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The objective of this research was to define the current ecological integrity of Bachelor Creek in Moody County, South Dakota and define critical reaches influenced by non-point source pollution. The Bachelor Creek watershed drains an area of 37,852 acres, of which 1,563 acres are considered highly erodible land. Land-use in the watershed area is primarily agricultural with approximately 83% cropland, 5% grassland, and 7% farms and shelterbelts. Samples and measurements were taken to characterize conductivity, dissolved oxygen, pH, alkalinity, total dissolved and suspended solids, ammonia, nitrate, sulfate, iron, manganese, sodium, and total dissolved phosphorus of 15 sites on Bachelor Creek once per month from April through September in 1998 and 1999. Bottom substrate and embeddedness, stream flow, channel alterations, pool/riffle ratio, bank stability, bank vegetative stability, and streamside cover were evaluated using USEPA’s Rapid Bioassessment Protocol (RBP) habitat scoring methods at Bachelor and Brookfield sites. Macroinvertebrate samples were collected at three randomly chosen riffle locations from each site on Bachelor and Brookfield Creeks. RBP habitat scores for Bachelor reach 5 (upstream) ranged from 31-53% relative to Brookfield reference sites. Bachelor reach 5 consistently failed to support aquatic life uses. Unstable bottom substrate accounted for a majority of the low habitat scores of the degraded Bachelor Creek sites. Bottom substrate composition at reach 5 was 98-100% sand, silt, or clay, whereas the bottom substrate composition at the reference stream was 8-17% sand, silt, or clay. Ammonia levels were often high at reach 5, ranging from 0.06-2.87 mg/L. Sites on reach 5 were considered moderately impaired due to low EPT index (0-1) and taxa richness (4-12) values and high coefficient of community loss (2.25- 7.50) in comparison to the reference stream. Results suggest that stream invertebrate communities are highly correlated with impaired habitat conditions and elevated ammonia concentrations in the upper channelized reaches of Bachelor Creek.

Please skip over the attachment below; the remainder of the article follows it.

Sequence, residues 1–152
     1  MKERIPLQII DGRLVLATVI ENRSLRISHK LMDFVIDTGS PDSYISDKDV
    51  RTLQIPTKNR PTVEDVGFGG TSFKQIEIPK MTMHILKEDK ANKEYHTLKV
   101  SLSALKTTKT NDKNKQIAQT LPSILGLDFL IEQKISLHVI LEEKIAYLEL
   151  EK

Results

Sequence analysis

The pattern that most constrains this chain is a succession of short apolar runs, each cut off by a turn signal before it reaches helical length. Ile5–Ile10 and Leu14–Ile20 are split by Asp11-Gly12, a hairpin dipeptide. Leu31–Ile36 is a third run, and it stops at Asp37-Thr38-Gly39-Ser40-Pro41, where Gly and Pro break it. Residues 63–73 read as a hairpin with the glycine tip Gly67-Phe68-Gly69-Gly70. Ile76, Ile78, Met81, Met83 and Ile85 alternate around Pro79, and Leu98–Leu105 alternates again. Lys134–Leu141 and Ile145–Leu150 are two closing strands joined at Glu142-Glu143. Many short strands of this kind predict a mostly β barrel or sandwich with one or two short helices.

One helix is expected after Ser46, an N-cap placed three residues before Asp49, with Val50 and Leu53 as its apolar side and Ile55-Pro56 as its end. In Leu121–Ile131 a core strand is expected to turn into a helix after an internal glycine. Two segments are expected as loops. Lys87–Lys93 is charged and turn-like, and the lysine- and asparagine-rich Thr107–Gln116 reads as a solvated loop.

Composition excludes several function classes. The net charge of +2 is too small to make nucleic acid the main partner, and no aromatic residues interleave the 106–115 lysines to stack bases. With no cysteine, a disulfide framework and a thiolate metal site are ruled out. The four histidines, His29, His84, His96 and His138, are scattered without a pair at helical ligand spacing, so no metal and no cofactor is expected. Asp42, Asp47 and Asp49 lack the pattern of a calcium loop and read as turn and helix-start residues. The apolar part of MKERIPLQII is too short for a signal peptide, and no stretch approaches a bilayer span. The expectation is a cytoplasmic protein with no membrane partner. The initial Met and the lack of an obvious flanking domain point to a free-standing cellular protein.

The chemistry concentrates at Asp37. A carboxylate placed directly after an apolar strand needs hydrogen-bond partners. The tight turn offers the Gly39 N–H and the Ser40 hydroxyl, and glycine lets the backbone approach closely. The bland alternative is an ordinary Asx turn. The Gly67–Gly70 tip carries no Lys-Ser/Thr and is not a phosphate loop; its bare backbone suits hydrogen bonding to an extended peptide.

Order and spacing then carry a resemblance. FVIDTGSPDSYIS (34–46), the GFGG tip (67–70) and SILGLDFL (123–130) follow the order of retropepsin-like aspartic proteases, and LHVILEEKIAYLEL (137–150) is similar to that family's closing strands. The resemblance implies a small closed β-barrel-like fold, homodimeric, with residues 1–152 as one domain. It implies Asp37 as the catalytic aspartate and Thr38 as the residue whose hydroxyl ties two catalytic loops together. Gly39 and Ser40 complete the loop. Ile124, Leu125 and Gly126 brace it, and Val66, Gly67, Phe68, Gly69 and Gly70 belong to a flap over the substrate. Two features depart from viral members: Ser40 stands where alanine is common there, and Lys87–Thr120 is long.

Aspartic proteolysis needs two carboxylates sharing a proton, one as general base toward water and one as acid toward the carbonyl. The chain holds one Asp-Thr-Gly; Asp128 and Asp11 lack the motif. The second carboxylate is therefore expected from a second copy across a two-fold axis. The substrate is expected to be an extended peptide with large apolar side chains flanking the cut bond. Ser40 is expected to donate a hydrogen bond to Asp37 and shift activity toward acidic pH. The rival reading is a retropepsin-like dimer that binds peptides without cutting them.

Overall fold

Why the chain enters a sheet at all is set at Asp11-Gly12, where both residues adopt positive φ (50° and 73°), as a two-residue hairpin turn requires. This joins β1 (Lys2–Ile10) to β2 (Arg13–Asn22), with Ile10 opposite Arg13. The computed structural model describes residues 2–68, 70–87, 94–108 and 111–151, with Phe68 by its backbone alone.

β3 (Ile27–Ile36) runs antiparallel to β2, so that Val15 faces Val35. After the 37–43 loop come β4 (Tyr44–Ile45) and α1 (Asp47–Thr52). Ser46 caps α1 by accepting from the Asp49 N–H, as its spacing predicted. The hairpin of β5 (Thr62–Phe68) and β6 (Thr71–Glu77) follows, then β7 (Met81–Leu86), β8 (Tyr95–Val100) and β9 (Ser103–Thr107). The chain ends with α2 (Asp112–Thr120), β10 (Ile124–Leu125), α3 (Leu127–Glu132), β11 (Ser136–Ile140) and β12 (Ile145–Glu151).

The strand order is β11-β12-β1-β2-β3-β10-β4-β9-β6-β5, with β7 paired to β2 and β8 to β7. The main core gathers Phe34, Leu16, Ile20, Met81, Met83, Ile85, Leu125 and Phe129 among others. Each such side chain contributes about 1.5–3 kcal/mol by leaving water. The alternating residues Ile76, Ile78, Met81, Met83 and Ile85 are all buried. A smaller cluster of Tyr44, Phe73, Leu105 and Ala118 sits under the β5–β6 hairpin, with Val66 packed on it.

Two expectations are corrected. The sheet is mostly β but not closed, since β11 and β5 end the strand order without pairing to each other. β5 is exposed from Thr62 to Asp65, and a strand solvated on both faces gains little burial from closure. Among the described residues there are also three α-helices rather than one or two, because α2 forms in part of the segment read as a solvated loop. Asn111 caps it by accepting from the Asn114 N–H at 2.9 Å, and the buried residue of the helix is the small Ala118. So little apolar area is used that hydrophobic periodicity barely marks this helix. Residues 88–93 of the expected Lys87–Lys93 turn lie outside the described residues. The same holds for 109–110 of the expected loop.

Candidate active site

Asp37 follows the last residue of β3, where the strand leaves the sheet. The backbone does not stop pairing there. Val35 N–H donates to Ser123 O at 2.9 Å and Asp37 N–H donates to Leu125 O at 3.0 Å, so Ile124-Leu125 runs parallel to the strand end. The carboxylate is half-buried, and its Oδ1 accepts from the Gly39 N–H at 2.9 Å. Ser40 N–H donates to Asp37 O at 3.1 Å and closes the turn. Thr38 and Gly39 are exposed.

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Proceedings of the South Dakota Academy of Science



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